So now fast forward thru that background info, to my question: I don’t feel that he is particularly damaging to me, and I enjoy the things we do together. I have made it clear that I have to see other people to try to find a long-term relationship, and I do. He has always had the high/frequent sexual drive ya’ll mention,and was seeing other women in that sneaky way ya’ll talk about, like since we live in different states/time zones, I’d never know about weekends spent with his local girlfriends/hookups, etc. But I’m really fine with that – like I said, for me there’s acknowledgement of no long term future of a one-on-one relationship with a psychopath because you’ll get destroyed if thats who you try to mate with, so good for him – go do whatever, whenever, with whomever to fight the boredom and satisfy the need for challenge on a more daily basis…

    But as FRIENDS? Can you be lifelong friends, til one or the other finds a reason to get out of the ‘friends with benefits’ relationship, then let it go platonic, but yet still be friends? Does the psychopath find any benefit to having long-term ‘people’ in his/her life, to do things with, or to talk things over with, or is it always just to use them, like someone to split costs with of trips, or having access to 24/7 sex while you’re on the trip (even tho of course he flirts.. and I really don’t care – like I said, we are not long-term relationship material, and i don’t do jealousy, which I think annoys him). And in addition to that, because I AM an NT, and I DO think about damage I might do, is there any way he’s going to get hurt by me if I continue – even tho he knows thats whats going on – when the day comes that I finally find someone and *I* move me into ‘platonic’ relationships with my non-platonic friends like him? Like he IS going to just say, “well, it was nice while it lasted” then be on his way – maybe not even choosing to BE ‘friends you bounce things off of’, because if there’s no sex, he’s not interested… OR, try to get me to be with him even AFTER I find the guy I want to try Long-Term with as a conquest challenge… but still, generally, I think you get the basic question. Like you guys don’t ever actually CARE, so when I move on, given that you may go a month without even talking to me, then say, “Hey! Lets go snow skiing weekend after next!”, ya’ll don’t levitate and spew green gas like Linda Blair in ‘The Exorcist’, when I say I moved on, right?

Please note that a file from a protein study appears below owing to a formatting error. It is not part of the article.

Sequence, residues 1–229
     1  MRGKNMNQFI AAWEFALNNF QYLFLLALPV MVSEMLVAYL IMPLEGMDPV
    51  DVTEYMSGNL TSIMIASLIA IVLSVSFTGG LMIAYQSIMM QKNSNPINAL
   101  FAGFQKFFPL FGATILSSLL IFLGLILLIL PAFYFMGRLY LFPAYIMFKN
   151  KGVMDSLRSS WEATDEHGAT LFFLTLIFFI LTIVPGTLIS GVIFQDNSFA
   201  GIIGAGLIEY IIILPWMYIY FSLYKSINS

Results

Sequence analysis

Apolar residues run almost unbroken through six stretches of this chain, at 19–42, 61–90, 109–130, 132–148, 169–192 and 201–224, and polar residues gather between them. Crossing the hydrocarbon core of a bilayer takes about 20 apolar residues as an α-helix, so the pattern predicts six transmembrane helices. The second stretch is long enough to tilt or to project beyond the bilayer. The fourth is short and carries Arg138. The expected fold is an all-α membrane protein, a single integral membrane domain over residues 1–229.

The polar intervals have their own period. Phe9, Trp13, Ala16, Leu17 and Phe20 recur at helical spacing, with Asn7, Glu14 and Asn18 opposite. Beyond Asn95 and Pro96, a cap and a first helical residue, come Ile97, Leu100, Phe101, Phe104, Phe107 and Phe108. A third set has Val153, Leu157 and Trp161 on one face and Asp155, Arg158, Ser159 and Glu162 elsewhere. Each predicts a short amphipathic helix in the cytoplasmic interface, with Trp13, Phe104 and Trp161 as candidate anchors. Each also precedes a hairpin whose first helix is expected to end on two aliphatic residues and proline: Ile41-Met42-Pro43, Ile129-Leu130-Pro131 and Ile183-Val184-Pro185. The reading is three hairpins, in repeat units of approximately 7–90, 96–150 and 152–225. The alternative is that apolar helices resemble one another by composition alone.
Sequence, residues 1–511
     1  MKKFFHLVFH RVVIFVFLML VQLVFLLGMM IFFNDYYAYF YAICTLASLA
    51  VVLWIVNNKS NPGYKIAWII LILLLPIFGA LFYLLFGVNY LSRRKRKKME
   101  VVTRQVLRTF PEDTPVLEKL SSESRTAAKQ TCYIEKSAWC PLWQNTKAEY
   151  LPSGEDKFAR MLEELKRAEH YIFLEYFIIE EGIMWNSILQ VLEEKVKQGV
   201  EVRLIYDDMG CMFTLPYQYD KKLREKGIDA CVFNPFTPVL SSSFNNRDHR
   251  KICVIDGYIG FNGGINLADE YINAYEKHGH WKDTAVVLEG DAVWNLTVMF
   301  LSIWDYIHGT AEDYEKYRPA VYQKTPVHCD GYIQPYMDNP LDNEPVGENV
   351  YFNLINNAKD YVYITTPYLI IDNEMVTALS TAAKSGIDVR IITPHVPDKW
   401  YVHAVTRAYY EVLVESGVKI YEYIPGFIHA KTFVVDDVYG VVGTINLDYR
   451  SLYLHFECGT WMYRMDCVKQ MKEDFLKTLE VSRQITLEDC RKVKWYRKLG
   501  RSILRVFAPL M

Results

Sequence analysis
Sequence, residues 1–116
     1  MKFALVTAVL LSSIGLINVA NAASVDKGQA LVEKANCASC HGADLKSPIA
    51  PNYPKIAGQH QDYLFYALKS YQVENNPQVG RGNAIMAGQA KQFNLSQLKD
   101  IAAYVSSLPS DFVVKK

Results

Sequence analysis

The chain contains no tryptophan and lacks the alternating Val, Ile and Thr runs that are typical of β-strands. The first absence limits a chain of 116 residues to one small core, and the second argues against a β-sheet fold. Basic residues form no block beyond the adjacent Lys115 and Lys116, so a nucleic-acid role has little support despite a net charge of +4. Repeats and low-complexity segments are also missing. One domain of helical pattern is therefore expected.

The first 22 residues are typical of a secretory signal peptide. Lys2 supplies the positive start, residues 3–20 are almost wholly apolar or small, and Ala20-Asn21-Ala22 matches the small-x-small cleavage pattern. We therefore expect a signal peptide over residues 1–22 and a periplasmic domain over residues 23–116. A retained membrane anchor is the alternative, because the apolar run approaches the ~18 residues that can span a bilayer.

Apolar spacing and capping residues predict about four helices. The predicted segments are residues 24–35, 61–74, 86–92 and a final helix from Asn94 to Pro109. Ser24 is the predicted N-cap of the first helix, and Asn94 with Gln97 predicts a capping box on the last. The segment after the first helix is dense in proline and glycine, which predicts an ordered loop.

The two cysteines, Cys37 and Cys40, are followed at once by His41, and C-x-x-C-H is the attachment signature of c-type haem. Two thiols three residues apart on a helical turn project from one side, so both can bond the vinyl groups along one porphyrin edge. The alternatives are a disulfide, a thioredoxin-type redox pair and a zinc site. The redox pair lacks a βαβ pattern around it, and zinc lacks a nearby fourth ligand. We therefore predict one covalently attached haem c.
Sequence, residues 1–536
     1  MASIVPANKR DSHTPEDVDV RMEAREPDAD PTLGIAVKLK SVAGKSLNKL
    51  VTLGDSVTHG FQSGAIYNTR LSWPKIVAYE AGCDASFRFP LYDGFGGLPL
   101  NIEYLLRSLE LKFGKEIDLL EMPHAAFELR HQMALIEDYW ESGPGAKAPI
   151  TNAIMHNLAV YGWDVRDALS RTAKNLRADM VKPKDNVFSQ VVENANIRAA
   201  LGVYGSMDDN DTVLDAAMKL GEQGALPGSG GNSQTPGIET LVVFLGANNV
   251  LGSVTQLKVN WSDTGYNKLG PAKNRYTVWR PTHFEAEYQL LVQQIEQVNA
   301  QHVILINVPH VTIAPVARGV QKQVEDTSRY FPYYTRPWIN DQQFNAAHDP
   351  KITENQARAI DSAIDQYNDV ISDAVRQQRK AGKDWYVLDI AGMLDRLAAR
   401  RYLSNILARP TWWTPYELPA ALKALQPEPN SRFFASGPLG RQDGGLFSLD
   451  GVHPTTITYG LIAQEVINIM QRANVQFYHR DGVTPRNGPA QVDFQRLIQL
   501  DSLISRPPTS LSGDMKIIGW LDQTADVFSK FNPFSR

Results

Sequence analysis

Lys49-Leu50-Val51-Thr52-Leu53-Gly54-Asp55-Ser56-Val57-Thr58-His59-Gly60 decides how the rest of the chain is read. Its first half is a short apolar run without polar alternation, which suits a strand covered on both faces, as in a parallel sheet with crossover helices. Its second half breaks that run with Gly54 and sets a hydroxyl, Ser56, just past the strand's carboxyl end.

I should also mention that he’s so proud of ‘never having been married’, that it took me almost 2 years to figure out that he lived with his second baby mama, when he went back to his home state. She calls him ‘Loser!’ and he tries to do things that get under her skin, absolutely. I have heard his daughter in the background say, “I hate it here!” on her way out the door to work, with so little reaction from him that its obvious its a near daily occurrence… so its become an isolated life, even if he’s controlling it. Like ‘King Shit of Turd Mountain’, i suppose.

    And without him knowing, I’ve watched him in titty bars, at bars watching sporting events… even at his own fathers funeral, to peel away the lies and see who’s REALLY in him. What I see is a man with no one there FOR him, or WITH him. YES, I’m sure he’s generally FINE with that – he can move faster, court targets, etc. But is there VALUE to the psychopath having a friend who knows him without the mask, that he can just be who he is around? Do either of you have long-term friendships, where the other person KNOWS you’re a psychopath – even jokes about it with you from time to time – but where the friendship has some sort of a ‘value’ to you? And if so, WHERE is the value proposition to you? If your NT friend finds another relationship and tells you they’ve got to go, do you take it in stride, or think you’ve lost “a possession”, because of the changes that happen to the available relationship aspects (like we quit doing trips and sex between us ends, but we still talk thru family estate cleanup, software consulting challenges, etc)?